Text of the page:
Are people living up to their creative potential? In a word, no.
This week, Adobe released global research in a State of Create report to uncover how people feel about their own creativity as well as its role in the economy, society, the workplace and our educational institutions. The findings were enlightening. A few highlights from the data:
- 8 in 10 feel that unlocking creativity is critical to economic growth
- Only 1 in 4 believe they are living up to their own creative potential
- 75% said they are under growing pressure to be productive rather than creative at work
- More than half feel creativity is being stifled by the education system – and that feeling rises to 70% in the US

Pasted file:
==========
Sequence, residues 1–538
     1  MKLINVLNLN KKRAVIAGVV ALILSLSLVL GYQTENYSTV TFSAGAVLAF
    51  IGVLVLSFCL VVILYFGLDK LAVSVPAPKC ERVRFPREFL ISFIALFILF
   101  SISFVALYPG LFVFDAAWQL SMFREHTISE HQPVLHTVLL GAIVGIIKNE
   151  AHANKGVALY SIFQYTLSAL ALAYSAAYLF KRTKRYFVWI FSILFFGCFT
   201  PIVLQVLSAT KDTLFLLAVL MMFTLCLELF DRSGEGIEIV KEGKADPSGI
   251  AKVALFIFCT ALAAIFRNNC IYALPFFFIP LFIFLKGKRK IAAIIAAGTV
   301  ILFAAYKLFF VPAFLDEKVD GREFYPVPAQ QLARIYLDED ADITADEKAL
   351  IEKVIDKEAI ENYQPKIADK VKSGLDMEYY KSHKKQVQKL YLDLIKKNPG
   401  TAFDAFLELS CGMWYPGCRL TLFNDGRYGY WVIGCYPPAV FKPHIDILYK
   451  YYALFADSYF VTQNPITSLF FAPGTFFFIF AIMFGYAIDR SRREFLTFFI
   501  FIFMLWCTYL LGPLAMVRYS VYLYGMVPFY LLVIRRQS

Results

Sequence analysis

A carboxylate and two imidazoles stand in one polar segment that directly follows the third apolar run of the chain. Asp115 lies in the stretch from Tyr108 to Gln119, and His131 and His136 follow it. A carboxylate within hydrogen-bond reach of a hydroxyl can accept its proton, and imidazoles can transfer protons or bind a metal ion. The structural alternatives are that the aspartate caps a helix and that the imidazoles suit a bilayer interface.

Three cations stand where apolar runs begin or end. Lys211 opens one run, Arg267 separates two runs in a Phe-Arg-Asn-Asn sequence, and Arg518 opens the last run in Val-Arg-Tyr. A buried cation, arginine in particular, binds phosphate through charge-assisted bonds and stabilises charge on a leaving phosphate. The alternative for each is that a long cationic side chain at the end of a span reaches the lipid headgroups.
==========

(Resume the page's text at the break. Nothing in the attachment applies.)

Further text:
- Only about half of Americans would describe themselves as creative (global average is even lower at 39%)
We call this separation between the importance and the day-to-day reality of creativity the “creativity gap.” That gap is pretty sobering.
So, what can we do to close the creativity gap? First, we need to make time for creativity as well as provide the necessary technology tools and training. Productivity and creativity should not be mutually exclusive – we all need to find ways to create at work, rather than considering it a weekend hobby or luxury for those with more time. As for our educational institutions, they need to foster the growth of the entire child, with more opportunities to participate in arts programs and foster “out of the box” creative thinking. Most importantly, we all need to think of creativity more broadly – it’s not just the domain of professional designers or artists. It’s a critical capability in a successful society and one that is in all of us.